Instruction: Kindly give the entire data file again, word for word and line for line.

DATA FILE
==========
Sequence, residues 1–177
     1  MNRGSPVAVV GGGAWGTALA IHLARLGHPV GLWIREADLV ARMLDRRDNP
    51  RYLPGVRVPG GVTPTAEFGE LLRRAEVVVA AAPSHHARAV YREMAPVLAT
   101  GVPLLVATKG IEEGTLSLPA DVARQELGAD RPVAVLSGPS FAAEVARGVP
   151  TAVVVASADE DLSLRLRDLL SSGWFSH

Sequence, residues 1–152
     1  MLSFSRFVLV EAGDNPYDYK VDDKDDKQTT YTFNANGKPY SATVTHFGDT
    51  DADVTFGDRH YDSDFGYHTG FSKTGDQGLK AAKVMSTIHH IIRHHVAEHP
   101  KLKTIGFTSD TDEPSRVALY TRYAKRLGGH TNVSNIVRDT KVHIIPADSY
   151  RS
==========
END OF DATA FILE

Sequence, residues 1–177
     1  MNRGSPVAVV GGGAWGTALA IHLARLGHPV GLWIREADLV ARMLDRRDNP
    51  RYLPGVRVPG GVTPTAEFGE LLRRAEVVVA AAPSHHARAV YREMAPVLAT
   101  GVPLLVATKG IEEGTLSLPA DVARQELGAD RPVAVLSGPS FAAEVARGVP
   151  TAVVVASADE DLSLRLRDLL SSGWFSH

Sequence, residues 1–152
     1  MLSFSRFVLV EAGDNPYDYK VDDKDDKQTT YTFNANGKPY SATVTHFGDT
    51  DADVTFGDRH YDSDFGYHTG FSKTGDQGLK AAKVMSTIHH IIRHHVAEHP
   101  KLKTIGFTSD TDEPSRVALY TRYAKRLGGH TNVSNIVRDT KVHIIPADSY
   151  RS